Marcellin et al v. HP, Inc. et al

Filing 50

ORDER denying 25 Motion to Compel; denying 25 Motion for Sanctions; granting 32 Motion to Compel; denying 43 Motion for Protective Order Signed by Hon. H. Kenneth Schroeder Jr. on 3/27/2024. (DLR)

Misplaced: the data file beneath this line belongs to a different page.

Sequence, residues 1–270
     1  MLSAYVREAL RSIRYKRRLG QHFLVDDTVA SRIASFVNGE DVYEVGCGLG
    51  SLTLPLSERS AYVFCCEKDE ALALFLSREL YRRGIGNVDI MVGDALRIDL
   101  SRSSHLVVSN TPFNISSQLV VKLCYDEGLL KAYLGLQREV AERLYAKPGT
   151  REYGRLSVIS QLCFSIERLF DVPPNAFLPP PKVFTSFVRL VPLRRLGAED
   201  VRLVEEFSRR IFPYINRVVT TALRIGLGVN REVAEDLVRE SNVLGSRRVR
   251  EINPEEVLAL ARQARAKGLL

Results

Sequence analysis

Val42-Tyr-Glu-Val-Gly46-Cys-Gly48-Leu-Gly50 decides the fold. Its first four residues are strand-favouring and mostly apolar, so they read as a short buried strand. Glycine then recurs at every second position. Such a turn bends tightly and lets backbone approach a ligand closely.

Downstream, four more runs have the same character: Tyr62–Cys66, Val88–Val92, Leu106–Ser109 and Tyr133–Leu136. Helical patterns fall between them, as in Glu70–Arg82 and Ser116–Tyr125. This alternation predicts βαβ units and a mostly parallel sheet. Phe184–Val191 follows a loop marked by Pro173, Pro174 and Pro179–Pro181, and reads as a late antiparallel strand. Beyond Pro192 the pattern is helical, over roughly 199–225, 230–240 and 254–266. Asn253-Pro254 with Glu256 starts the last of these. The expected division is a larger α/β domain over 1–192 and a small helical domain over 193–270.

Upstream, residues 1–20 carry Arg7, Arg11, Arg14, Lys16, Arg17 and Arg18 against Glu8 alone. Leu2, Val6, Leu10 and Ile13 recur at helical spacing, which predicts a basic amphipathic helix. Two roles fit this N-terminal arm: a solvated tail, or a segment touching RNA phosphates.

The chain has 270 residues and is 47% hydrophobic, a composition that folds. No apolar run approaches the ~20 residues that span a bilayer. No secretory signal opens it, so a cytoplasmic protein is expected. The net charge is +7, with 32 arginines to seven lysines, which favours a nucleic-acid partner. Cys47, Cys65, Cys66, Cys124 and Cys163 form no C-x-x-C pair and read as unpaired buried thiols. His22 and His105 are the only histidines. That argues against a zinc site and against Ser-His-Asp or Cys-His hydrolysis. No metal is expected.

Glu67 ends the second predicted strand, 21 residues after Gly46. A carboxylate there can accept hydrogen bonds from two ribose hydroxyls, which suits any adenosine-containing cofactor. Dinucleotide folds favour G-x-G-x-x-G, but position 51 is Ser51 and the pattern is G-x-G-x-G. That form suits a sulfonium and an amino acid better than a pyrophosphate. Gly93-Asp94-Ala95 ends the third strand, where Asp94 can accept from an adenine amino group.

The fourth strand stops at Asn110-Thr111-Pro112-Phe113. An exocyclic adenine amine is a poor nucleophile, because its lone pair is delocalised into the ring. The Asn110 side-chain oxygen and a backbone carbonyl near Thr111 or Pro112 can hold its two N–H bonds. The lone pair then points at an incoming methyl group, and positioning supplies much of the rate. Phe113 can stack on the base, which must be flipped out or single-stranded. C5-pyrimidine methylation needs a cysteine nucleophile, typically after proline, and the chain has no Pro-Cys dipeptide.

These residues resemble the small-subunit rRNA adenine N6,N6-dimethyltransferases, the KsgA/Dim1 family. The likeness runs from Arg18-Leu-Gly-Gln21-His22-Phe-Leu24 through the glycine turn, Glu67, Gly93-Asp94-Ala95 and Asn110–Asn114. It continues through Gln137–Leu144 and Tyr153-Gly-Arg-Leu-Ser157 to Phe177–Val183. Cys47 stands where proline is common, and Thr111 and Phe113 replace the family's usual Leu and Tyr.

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UNITED STATES DISTRICT COURT WESTERN DISTRICT OF NEW YORK CAROL S. MARCELLIN, individually, and as Co-Administrator of the Estate of Charles E. Hollowell, deceased, and JESSICA HOLLOWELLMcKAY, as Co-Administrator of the Estate of Charles E Hollowell, deceased. v. Plaintiffs, 21-CV-00704-JLS-HKS HP., INC. and STAPLES, INC., Defendants. DECISION AND ORDER This case was referred to the undersigned by the Hon. John L. Sinatra, Jr., pursuant to 28 U.S.C. § 636(b)(1), for all pretrial matters and to hear and report upon dispositive motions. Dkt. #4. This is a wrongful death and personal injury product liability case arising out of a fire allegedly caused by the explosion of a battery in a laptop computer. Currently before the Court are plaintiffs’ motion to compel (Dkt. #25), defendant HP, Inc.’s cross motion to compel (Dkt. #32), and defendant HP, Inc.’s motion for protective order (Dkt. #43). ~1~ BACKGROUND On January 24, 2020, plaintiff Carol Marcellin (“Marcellin”) was asleep in the home she shared with her long-time companion, decedent Charles Hollowell (“Hollowell”), when a laptop in the home caught fire. Dkt. #1, ¶¶12-14. Marcellin was unable to get Hollowell, who was physically disabled, out of the home. Marcellin exited the home to call for help, but by the time help arrived, Hollowell had perished. Id. Marcellin suffered smoke inhalation and severe emotional and psychological suffering. Dkt. #1, ¶ 16. Plaintiffs filed this diversity action on June 2, 2021 alleging claims for: (1) strict products liability—manufacturing defect 1; (2) strict products liability—design defect; (3) strict products liability—failure to warn; and (4) negligence. Dkt. #1. They named as defendants H.P., Inc. (“H.P.”), the successor corporation to Hewlett Packard Company, the manufacturer of the laptop, and Staples, Inc., the store where plaintiff bought the computer. Dkt. #1, ¶¶ 10-11. Plaintiffs originally alleged that Marcellin purchased the laptop in 2010. Dkt. #1, ¶ 10. During discovery, however, it was determined that the battery in the laptop— which apparently exploded and caused the fire—was manufactured in 2014 and was not the battery that had been sold with the laptop. Dkt. #25-1, ¶ 4. It was also revealed that Plaintiffs are not pursuing their manufacturing defect theory against HP, but they are pursuing their design defect claim. Dkt. #39-3, pp. 16-17. 1 ~2~ the battery lacked features to prevent it from overcharging and potentially exploding. Dkt. #25-2, ¶ 5. 2 On December 16, 2021, plaintiffs served a first set of interrogatories and document requests to Staples. Dkt. ## 25-5, 25-6. Plaintiffs served these requests by email, stating: “Should you also require service by regular postal mail, please let us know and we will promptly forward hard copies.” Dkt. #33-1, p. 2. Plaintiffs’ counsel avers that “[a]t no time did Defendant Staple’s counsel request paper copies of these discovery demands be served [by] mail.” Dkt. #33, ¶ 4. Staples provided responses to these requests on August 30, 2022. Dkt. #25-7. On November 8, 2022, plaintiffs sent Staples’s counsel a letter setting forth alleged deficiencies in Staples’s responses. Dkt. #25-8. On February 22, 2022, HP served interrogatories and requests for production on plaintiffs. Dkt. #32-2. Plaintiffs provided responses to these requests on March 9, 2022. Dkt. #32-3. For more than a year, HP and plaintiffs corresponded about the adequacy of plaintiffs’ responses. Dkt. ##32-4—32-8. Meanwhile, plaintiffs’ counsel theorized that Marcellin may have bought the laptop as a refurbished computer in 2015 and not as a new computer in 2010. Dkt. #251, ¶ 12. When plaintiffs’ counsel communicated this information to counsel for HP on March 16, 2023, defense counsel stated that they would need to reschedule Marcellin’s Discovery has since revealed that plaintiff stated in the property inventory she submitted to her insurer after the fire that she purchased the HP laptop from Staples in 2011. Dkt. #48-2, p. 5. 2 ~3~ deposition—which was set for the following day—and the parties reached an impasse on that issue. Dkt. #25-9. 3 On March 29 and 30, 2023, plaintiffs served a second set of discovery requests on defendants to try to determine to whom the laptop was originally sold and when Marcellin bought it. Dkt. #25-16-#25-19. The requests to Staples, including a notice of Rule 30(b)(6) deposition, were again sent by email, Dkt. ##25-18, 25-19, 25-20. On May 4, 2023, plaintiffs’ counsel emailed defense counsel noting that defendants had not provided responses to these second requests and seeking dates for a meet and confer to discuss that issue as well as scheduling matters. Dkt. #25-21, p. 2. On May 8, 2023, plaintiffs’ counsel renewed their request. Dkt. #25-22. On May 11, 2023, counsel for HP and plaintiffs conferred via email regarding their respective discovery responses. Dkt. #25-23. Plaintiffs informally supplemented their responses to HP’s interrogatories, noting that they would follow up with formally amended responses. Dkt. #25-23, pp. 8-9. Similarly, HP informally supplemented its responses to plaintiffs’ second set of interrogatories, noting that it would follow up with formal responses. Dkt. #25-23, p. 8. Specifically, in response to the first interrogatory asking HP to “identify the date the Laptop was first sold, the amount received by HP in the sale, the suggested retail price of the 3 Plaintiffs were eventually deposed on July 7, 2023. Dkt. #29, ¶ 9(b). ~4~ Laptop and the name and address of the purchaser,” HP stated: “Given the age of the laptop at issue, we have been unable to locate this information.” Dkt. #25-23, p.8. In response to the second interrogatory asking HP to identify “the name and address of the person or entity who registered for the warranty described in HP 00482 for the Laptop,” HP stated: “See the attached screenshot for the laptop registration identifying Carol Marcellin as the registered owner of the laptop. I intend to have the attached batesstamped and will make this a formal response.” Dkt. #25-23, p. 8. The parties had a teleconference on May 11, 2023, in which they discussed scheduling matters and the production of outstanding discovery by June 30, 2023. Dkt. #25-1, ¶ 20; Dkt. #27, ¶ 11; Dkt. #29, ¶ 8. In the emails exchanged that day, plaintiffs’ counsel noted the “outstanding discovery requested of your clients,” Dkt. #25-23, p. 9, and on May 15, 2023, plaintiffs’ counsel emailed Staples’s counsel a Word version of “the outstanding discovery demands to your clien[t].” Dkt. #25-23, p. 6. On May 24, 2023, plaintiffs’ counsel asked Staples’s counsel, “Can you produce the 30b6 witness that first week of August as well Maria?” Dkt. #25-23, p. 3. Staples’s counsel responded: “I’ll check into it and get back to you ASAP.” Dkt. #25-23, p. 2. ~5~ On June 23, 2023, the parties filed a joint request for an amended scheduling order, which the Court granted. Dkt. ##23, 24. In that request, counsel for HP stated that the parties were working through additional document discovery; had agreed to exchange supplemental discovery responses by June 30, 2023; and would conduct plaintiffs’ depositions on July 7, 2023 and the deposition of an HP representative on August 2, 2023. Dkt. #23. On July 5, 2023, plaintiffs emailed defense counsel noting that they had not provided responses to outstanding discovery requests by June 30, as promised. Dkt. #2530, p. 2. On July 13, 2023, HP served plaintiffs with its formal responses to plaintiffs’ second set of interrogatories. Dkt. #25-31. Plaintiffs did not raise any objections to these responses. Dkt. #27, ¶ 14. Instead, plaintiffs filed their motion to compel on July 25, 2023. Dkt. #25. On July 31, 2023, HP served responses to plaintiffs’ second set of requests for production. Dkt. #27-3. Because the deposition of HP’s Rule 30(b)(6) deponent was imminent, HP’s counsel emailed plaintiffs’ counsel to see if he wanted to reschedule the deposition, but plaintiffs’ counsel stated he had reviewed the documents and rescheduling was not necessary. Dkt. #31-2. ~6~ On August 2, 2023, plaintiffs took the deposition of HP’s Rule 30(b)(6) designee, Lee Atkinson (“Atkinson”), who was produced to testify to: HP’s knowledge of counterfeit batteries being sold to users of its laptops; the risks posed by such counterfeit batteries; the availability to HP of battery authentication systems designed to detect and warn against counterfeit replacement batteries; and warnings, manuals and instructions issued by HP to purchasers of its laptops regarding replacement batteries. Dkt. #43-1, ¶¶ 2-3. Atkinson testified that HP had been aware of the issue of counterfeit battery packs since 2016-2017; that HP introduced a pop-up counterfeit battery alert to new HP computers in 2019; and that HP did not communicate with previous customers regarding aftermarket batteries. Dkt. #43-8, p. 5. Atkison also testified that he had discussions “about the potential hazards associated with using these unauthorized battery packs” within the last four years with David Pipho (“Pipho”), an employee in HP’s quality group. Dkt. #43-8, p. 4. Atkinson testified that he discussed numerous safety issues—which included thermal protection shutdown processes—with Pipho “probably multiple times.” Dkt. #47-3, p. 9. Atkinson testified that he did not know whether HP took any further action on the issue. Dkt. #43-8, p. 5. On August 7, 2023, HP’s counsel emailed plaintiffs’ counsel inquiring if plaintiffs intended to proceed with their motion to compel given that HP had responded to plaintiffs’ second set of requests. Dkt. #31-3, p. 3. On August 10, 2023, plaintiffs’ counsel responded that plaintiffs considered HP’s responses to their second set of discovery ~7~ requests to be incomplete. Dkt. #31-3, p. 2. Similarly, on August 18, 2023, counsel for Staples requested that plaintiffs withdraw their motion to compel and “work towards completing discovery,” but plaintiffs refused. Dkt. #29, ¶ 13. On August 25, 2023, HP sent plaintiffs a letter detailing the alleged deficiencies in their discovery responses. Dkt. #32-9. HP and plaintiffs held a meet and confer on August 28, 2023, and plaintiffs agreed to supplement their responses by September 11, 2023. Dkt. ##32-10, 39-2. HP then filed its cross-motion to compel on September 7, 2023, Dkt. #32, and plaintiffs provided HP with their third amended answers to HP’s interrogatories the same day. Dkt. #39-3. On September 13, 2023, plaintiffs served a notice to take David Pipho’s deposition. Dkt. #43-3, pp. 2-3. HP objected and, after attempts to resolve the issue, Dkt. #43-8, HP filed its motion for protective order to prohibit plaintiffs from deposing Pipho. Dkt. #43-9. DISCUSSION AND ANALYSIS Legal Standards Pursuant to Fed. R. Civ. P. 26, parties “may obtain discovery regarding any nonprivileged matter that is relevant to any party’s claim or defense and proportional to the needs of the case.” Fed. R. Civ. P. 26(b)(1). ~8~ “Information is relevant if: (a) it has any tendency to make a fact more or less probable than it would be without the evidence; and (b) the fact is of consequence in determining the action.” Duhaney v. TransUnion, LLC, 23-CV-04066 (NJC) (JMW), 2024 WL 85074, at *1 (E.D.N.Y. Jan. 8, 2024) (citation and internal quotation marks omitted). Relevance, “for purposes of discovery, is an extremely broad concept.” Carlyle Aviation Mgmt. Ltd. v. Frontier Airlines, Inc., 23 Civ. 4774 (PAE), 2023 WL 8472725, at *1 (S.D.N.Y. Dec. 7, 2023) (citation and internal quotation marks omitted). “Once any possibility of relevance sufficient to warrant discovery is shown, the burden shifts to the party opposing discovery to show the discovery is improper.” Rhodes v. Phoenix Arms, 1:20-CV-267 (GTS/CFH), 2022 WL 2079088, at *2 (June 9, 2022) (citation and internal quotation marks omitted). “Generally, discovery is only limited when sought in bad faith, to harass or oppress the party subject to it, [or] when it is irrelevant or privileged.” Id. Federal Rule of Civil Procedure 37(a)(1) requires “the parties to confer or attempt to confer in good faith to try to resolve discovery disputes without court intervention before filing a motion to compel.” Marseet v. Rochester Inst. of Tech., 20-CV7096FPG, 2023 WL 1097969, at *3 (W.D.N.Y. Jan. 30, 2023). This Court’s local rules also state that no party may seek judicial intervention unless they include an affidavit “showing that sincere attempts to resolve the discovery dispute have been made.” Loc. R. Civ. P. 7(d)(3). “Only those matters that remain unresolved after serious attempts to reach ~9~ agreement should be the subject of a motion to compel.” Marseet, 2023 WL 1097969, at *3 (citation and internal quotation marks omitted). A party’s failure to comply with the conferral requirement before filing a motion to compel is grounds to deny the motion. McFadden v. Williams, 18-CV-6684FPG, 2022 WL 17126213, at *3 (W.D.N.Y. Nov. 22, 2022) (citation omitted). Plaintiffs’ Motion to Compel as to HP The Court finds that plaintiffs’ motion to compel as to defendant HP should be denied. HP served plaintiffs with its formal responses to plaintiffs’ second set of interrogatories on July 13, 2023. Dkt. #25-31. Plaintiffs did not raise any objections to those responses. Dkt. #27, ¶ 14. Instead, plaintiffs filed their motion to compel on July 25, 2023. Dkt. #25. Plaintiffs thus failed to satisfy the conferral requirement as to these interrogatories. McFadden, 2022 WL 17126213, at *3. Moreover, HP’s responses are not deficient as alleged. Plaintiffs’ counsel avers that HP failed to identify the original purchaser of the laptop and failed to provide the date that Marcellin registered the laptop. Dkt. #25-1, ¶ 26. ~ 10 ~ First, as to the identity of the original purchaser of the laptop, HP’s sworn response states that: “After diligent search, HP Inc. states it is not able to answer this interrogatory as to the specific notebook at issue.” Dkt. #25-31, p. 2. A “challenge to the accuracy of an [interrogatory] answer is not a basis for court intervention.” Adams v. Taylor, 21-CV-6056EAW, 2023 WL 7390042, at *9 (W.D.N.Y. May 26, 2023). Second, plaintiffs’ remaining interrogatory requested the “name and address of the person or entity who registered for the warranty described in HP 00482 for the Laptop.” Dkt. #25-31, p. 2. This interrogatory did not ask for the date of the registration. HP’s response is thus not incomplete. Next, plaintiffs do not dispute that HP provided a response to plaintiffs’ second request for production on July 31, 2023, six days after plaintiffs filed their motion to compel. Dkt. #33, ¶7. This moots plaintiffs’ motion as to these requests. Adams, 2023 WL 7390042, at *9. Finally, plaintiffs argue that a screen shot produced by HP in response to document requests relating to Marcellin’s registration of the laptop suggests that “[t]here is clearly more information in whatever database this screenshot is taken from.” Dkt. #33, p. 5. Such speculation is insufficient to support a motion to compel. In re Terrorist Attacks on Sept. 11, 2001, 03-MD-1570 (GBD)(SN), 2018 WL 4237470, at *7 (S.D.N.Y. Aug. 29, 2018) (denying motion to compel where plaintiffs “have not offered any concrete evidence ~ 11 ~ showing that there are actually more documents in [defendant’s] possession, custody, or control that the organization has failed to produce”). 4 Plaintiffs’ Motion to Compel as to Staples Plaintiffs argue that Staples failed to respond fully to plaintiffs’ first set of discovery requests and has failed to provide any responses to their second set of requests. Dkt. #25-32, p. 4. Staples first argues that plaintiffs failed to properly serve Staples with all discovery requests because they were sent by email, rather than by regular mail, and Staples had not consented to electronic service as provided in Fed. R. Civ.5(b)(2)(E). Dkt. #30, pp. 2-3. Staples’s conduct in this matter suggests that this argument is a post hoc rationalization. In 2022, Staples responded to plaintiffs’ first set of discovery requests, which were served via email with the notation that plaintiffs would also serve them by mail if Staples so desired. Dkt. #33-1, p. 2. Staples did not request such service. Staples’s counsel participated in the May 11, 2023 teleconference, also apparently without ever raising the service issue. On May 24, 2023, when plaintiffs’ counsel inquired about Staples’s availability for their Rule 30(b)(6) deposition, counsel responded, “I’ll check into Plaintiffs’ counsel states in his reply affidavit that HP’s counsel “agreed to provide further information from this database,” Dkt. #33, p. 5, but this misstates the record. In the cited correspondence, HP’s counsel stated only that he would “see if there is some further detail we can get you regarding when [Marcellin] registered the product.” Dkt. #33-5, p. 2. 4 ~ 12 ~ it and get back to you ASAP.” Dkt. #25-23, p. 2. Staples then joined in the parties’ proposed amended scheduling order filed on June 23, 2023. Dkt. #23. Finally, on August 18, 2023, Staples’s counsel requested that plaintiffs withdraw their motion to compel and “work towards completing discovery.” Dkt. #29, ¶ 13. Nonetheless, Rule 5(b)(2)(E)’s requirement of consent for service “by other electronic means” is strictly construed, and the advisory committee notes state that “consent must be express, and cannot be implied from conduct.” Fed. R. Civ. P. 5(b) advisory committee’s note to 2000 amendment. See Roe v. Marshall Univ. Bd. of Governors, Case No. 3:22-cv-00532, 2024 WL 1054671, at *1 (S.D. W. Va. Mar. 11, 2024) (collecting cases). The Court will thus order plaintiffs to serve their first and second set of discovery requests on Staples in compliance with by Rule 5. The Court need not reach the parties’ alternative arguments. Plaintiffs’ motion to compel as to Staples will thus be denied. HP’s Motion to Compel HP’s motion to compel is well taken. ~ 13 ~ Plaintiffs do not contest the relevance of the information sought in HP’s requests or argue that the requests are burdensome. They argue only that the alleged deficiencies in their responses are “trivial.” Dkt. #39, p. 2. Furthermore, although plaintiffs served third amended responses to HP’s requests after HP filed its motion to compel, HP notes in its reply brief that plaintiffs have yet to provide clear information on a crucial issue in this case: what aftermarket battery did Marcellin or someone else purchase for either the HP laptop that allegedly caused the fatal fire or for some other computer in the home? Dkt. #42-3, p. 5. HP’s motion to compel will thus be granted. HP’s Motion for Protective Order The final motion before the Court is HP’s motion for a protective order prohibiting the deposition of David Pipho. Dkt. #43. The Court concludes that this motion should be denied. “Parties seeking cover from discovery may avail themselves of a motion for a protective order which, in effect, is the flip side of a motion to compel.” C.K. through P.K. v. McDonald, 345 F.R.D. 262, 268 (E.D.N.Y. 2023). “The court may, for good cause, issue an order to protect a party or person from annoyance, embarrassment, oppression, or undue burden or expense.” Id. (citations and internal quotation marks omitted). ~ 14 ~ “The burden is on the party seeking issuance of the order to show ‘good cause’ through ‘particular and specific facts’ as opposed to ‘conclusory assertions.’” Id. (citation omitted). “If the movant establishes good cause for protection, the court may balance the countervailing interests to determine whether to exercise discretion and grant the order.” Id. (citation and internal quotation marks omitted). “Because of the interest in broad discovery, the party opposing the discovery of relevant information . . . bears the burden of showing that based on the balance of interests the information should not be disclosed.” Id. “In general, motions for protective orders seeking to prevent the taking of a deposition [are] regarded unfavorably by the courts.” Klosin v. E.I. Pont De Nemours and Co., 1:19-CV-00109-EAW-MJR, 2023 WL 1097859, at *2 (W.D.N.Y. Jan. 30, 2023) (citation and internal quotation marks omitted). “Such orders should rarely be granted absent extraordinary circumstances,” and “therefore, the moving party bears a heavy burden.” Id. HP argues that Pipho’s deposition is not relevant to any claim or defense in this case. Dkt. #43-9, p. 7. In support, HP filed an affidavit from Pipho in which he avers that he is not employed in the battery unit at HP; from 2011 to 2020, he played no role in decisions by HP to take action related to counterfeit batteries; and, during that time, he played no role in the decision of whether to notify end users of the dangers of counterfeit ~ 15 ~ replacement batteries. Dkt. #43-2. He further avers that he vaguely recalls conversations with Atkinson about counterfeit batteries, but nothing specific, and such discussions were not part of his duties at HP. Id. However, Atkinson’s testimony is somewhat different. He recalled specifically discussing with Pipho, multiple times, various safety concerns about counterfeit batteries that he learned during other litigation involving HP. Dkt. #47-3, pp. 6-9. Pipho’s testimony is thus relevant to plaintiffs’ post-manufacture duty-towarn theory, i.e., that HP knew that the batteries in its laptops would need to be replaced before the end of the useful life of the laptop itself; that counterfeit batteries lacking important safety features—including those that would prevent fires such as that allegedly caused by HP’s laptop in this case—were widely sold; that HP had a duty to warn previous purchasers of such dangers; and that HP failed to do so, proximately causing plaintiffs’ injuries. That Pipho disavows specific knowledge in his affidavit does not warrant the relief HP seeks because plaintiff is entitled to test Pipho’s knowledge on crossexamination. Whether the deposition may or may not yield evidence useful to plaintiffs does not render the subject matter irrelevant. ~ 16 ~ HP also argues that Pipho’s deposition is not proportional to the needs of this case. Dkt. #43-9, pp. 8-11. This argument fails. Considering the relevant factors, Klosin, 2023 WL 1097859, at *2, the Court notes that this is a serious case involving a person’s death allegedly caused by a product commonly found in homes throughout this country. Plaintiff also states, and HP does not contest, that plaintiffs have taken only one other deposition so far. The civil rules presumptively allow up to ten depositions to be taken by each party. Fed. R. Civ. P. 30(a)(2)(A)(i). HP’s motion for protective order will thus be denied. Requests for Attorneys’ Fees Because both plaintiffs and HP have prevailed on some motions but not others, the Court declines both sides’ requests for fees. See 6340 NB LLC v. Capital One, N.A., 20-CV-02500 (OEM) (JMW), 2023 WL 7924176, at *8-9 (E.D.N.Y. Nov. 16, 2023) (denying both parties’ requests for fees in relation to discovery motions; “both motions required a similar amount of effort in drafting and opposing and compiling documents in support of those motions and oppositions”). ~ 17 ~ CONCLUSION Consistent with this decision, plaintiff’s motion to compel (Dkt. #25) is denied, HP’s motion to compel (Dkt. #32) is granted, and HP’s motion for protective order (Dkt. #43) is denied. Within ten (10) days of entry of this Decision and Order, plaintiffs shall serve their first and second set of discovery requests on Staples pursuant to Fed. R. Civ. P. 5. The parties shall confer and file a proposed third amended scheduling order by April 15, 2024. SO ORDERED. DATED: Buffalo, New York March 27, 2024 s/ H. Kenneth Schroeder, Jr. H. KENNETH SCHROEDER, JR. United States Magistrate Judge ~ 18 ~